Volume 92 Issue 9 | p. 7 | News of The Week
Issue Date: March 3, 2014

New Route To Improved Heparins

Drug Discovery: Chemoenzymatic analogs may sidestep key problems of current anticoagulants
Department: Science & Technology
News Channels: Biological SCENE
Keywords: heparin, anticoagulant, thrombosis, clotting

Researchers have used chemoenzymatic synthesis to create new forms of heparin that may solve key problems with current versions of the medication. Heparin, a sugar-based polymer, is widely used to reduce blood clotting in patients who have thrombosis and other conditions.

Two of the three commercial forms of heparin—unfractionated heparin and low-molecular-weight heparin—are derived from pig intestines. That means they are inhomogeneous mixtures of sulfated carbohydrates of different sizes and variable sulfation patterns, leaving them . . .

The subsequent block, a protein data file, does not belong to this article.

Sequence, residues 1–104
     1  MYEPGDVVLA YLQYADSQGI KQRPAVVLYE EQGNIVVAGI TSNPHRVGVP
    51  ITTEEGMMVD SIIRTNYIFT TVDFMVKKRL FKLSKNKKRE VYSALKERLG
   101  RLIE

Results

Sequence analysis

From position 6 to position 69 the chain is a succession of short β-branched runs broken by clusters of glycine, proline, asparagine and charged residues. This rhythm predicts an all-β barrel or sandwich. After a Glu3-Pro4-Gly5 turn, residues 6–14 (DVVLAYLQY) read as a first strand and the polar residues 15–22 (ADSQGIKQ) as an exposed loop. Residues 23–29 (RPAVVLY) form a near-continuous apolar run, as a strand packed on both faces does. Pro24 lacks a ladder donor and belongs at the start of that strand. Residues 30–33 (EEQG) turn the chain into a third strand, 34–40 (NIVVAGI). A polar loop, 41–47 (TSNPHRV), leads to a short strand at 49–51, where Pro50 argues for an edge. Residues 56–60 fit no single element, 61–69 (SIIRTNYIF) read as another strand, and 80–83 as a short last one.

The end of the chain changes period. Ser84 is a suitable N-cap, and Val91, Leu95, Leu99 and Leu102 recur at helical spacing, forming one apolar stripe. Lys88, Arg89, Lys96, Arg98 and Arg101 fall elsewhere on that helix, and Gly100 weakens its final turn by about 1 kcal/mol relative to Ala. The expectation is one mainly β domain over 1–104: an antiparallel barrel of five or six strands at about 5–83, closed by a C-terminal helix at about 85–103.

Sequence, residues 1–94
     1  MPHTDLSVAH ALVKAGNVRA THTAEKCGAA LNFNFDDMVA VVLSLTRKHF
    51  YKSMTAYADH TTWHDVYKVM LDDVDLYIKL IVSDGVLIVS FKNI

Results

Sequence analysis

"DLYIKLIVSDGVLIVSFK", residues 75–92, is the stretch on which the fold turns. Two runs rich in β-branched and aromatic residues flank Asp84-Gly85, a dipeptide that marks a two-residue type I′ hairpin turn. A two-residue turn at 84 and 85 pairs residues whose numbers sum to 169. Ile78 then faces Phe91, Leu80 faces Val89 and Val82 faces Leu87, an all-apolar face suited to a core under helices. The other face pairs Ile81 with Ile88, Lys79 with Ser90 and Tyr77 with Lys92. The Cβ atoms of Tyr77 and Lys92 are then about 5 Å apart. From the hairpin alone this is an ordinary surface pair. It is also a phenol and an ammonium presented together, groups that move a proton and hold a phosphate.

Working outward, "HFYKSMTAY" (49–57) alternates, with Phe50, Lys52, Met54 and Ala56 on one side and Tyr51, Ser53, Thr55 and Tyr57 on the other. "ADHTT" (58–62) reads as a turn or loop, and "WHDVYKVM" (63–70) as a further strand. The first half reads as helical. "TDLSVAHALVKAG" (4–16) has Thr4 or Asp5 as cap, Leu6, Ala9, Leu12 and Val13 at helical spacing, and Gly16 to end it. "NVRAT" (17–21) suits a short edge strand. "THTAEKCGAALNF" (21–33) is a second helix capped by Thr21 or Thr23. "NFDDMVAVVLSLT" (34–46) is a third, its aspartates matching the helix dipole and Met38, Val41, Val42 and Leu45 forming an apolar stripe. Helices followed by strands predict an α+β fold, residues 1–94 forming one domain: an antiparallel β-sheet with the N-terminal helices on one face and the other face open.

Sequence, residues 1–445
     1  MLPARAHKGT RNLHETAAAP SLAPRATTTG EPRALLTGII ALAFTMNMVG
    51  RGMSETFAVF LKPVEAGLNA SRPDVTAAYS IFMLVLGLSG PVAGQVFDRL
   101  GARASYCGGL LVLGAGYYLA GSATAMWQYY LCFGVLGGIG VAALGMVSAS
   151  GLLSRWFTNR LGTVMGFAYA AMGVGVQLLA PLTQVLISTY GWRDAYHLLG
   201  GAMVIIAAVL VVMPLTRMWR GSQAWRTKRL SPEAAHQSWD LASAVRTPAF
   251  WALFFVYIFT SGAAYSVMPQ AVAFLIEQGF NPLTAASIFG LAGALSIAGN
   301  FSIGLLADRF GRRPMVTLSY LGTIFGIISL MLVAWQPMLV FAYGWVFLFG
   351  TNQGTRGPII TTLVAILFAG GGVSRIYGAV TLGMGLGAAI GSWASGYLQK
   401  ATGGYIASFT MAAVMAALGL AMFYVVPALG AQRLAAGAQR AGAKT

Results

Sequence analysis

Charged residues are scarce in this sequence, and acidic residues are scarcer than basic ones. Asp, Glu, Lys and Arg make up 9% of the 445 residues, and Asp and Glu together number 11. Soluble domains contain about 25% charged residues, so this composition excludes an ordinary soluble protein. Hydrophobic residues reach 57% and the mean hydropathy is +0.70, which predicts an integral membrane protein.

To view the rest of this content, please log in with your ACS ID.

Chemical & Engineering News
ISSN 0009-2347
Copyright © American Chemical Society